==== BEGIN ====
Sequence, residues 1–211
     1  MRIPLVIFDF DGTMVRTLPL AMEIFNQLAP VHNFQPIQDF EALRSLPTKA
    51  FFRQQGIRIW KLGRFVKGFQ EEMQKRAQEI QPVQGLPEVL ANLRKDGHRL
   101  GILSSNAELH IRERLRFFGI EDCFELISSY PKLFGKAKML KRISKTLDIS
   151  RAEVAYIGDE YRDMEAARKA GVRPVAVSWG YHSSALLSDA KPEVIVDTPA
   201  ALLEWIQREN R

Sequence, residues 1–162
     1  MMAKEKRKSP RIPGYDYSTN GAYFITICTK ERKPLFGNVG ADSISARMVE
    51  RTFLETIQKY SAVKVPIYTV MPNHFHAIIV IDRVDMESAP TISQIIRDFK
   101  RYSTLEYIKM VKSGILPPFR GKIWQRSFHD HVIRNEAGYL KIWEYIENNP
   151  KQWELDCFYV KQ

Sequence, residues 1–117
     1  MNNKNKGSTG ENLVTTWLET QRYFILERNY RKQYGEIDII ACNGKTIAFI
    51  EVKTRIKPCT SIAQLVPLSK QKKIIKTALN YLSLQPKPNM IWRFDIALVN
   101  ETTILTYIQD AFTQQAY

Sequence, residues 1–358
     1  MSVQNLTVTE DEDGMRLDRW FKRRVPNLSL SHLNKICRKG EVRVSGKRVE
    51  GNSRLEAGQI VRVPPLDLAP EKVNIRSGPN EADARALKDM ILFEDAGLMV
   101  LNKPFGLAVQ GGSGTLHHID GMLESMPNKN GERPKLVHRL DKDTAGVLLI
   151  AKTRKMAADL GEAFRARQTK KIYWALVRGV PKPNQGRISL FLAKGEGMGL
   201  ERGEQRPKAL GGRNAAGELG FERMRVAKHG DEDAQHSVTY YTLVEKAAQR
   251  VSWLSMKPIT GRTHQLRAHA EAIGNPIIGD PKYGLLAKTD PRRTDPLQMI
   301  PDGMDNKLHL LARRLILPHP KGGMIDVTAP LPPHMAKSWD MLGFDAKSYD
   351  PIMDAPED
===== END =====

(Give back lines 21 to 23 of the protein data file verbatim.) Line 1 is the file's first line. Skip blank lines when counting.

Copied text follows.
   201  ERGEQRPKAL GGRNAAGELG FERMRVAKHG DEDAQHSVTY YTLVEKAAQR
   251  VSWLSMKPIT GRTHQLRAHA EAIGNPIIGD PKYGLLAKTD PRRTDPLQMI
   301  PDGMDNKLHL LARRLILPHP KGGMIDVTAP LPPHMAKSWD MLGFDAKSYD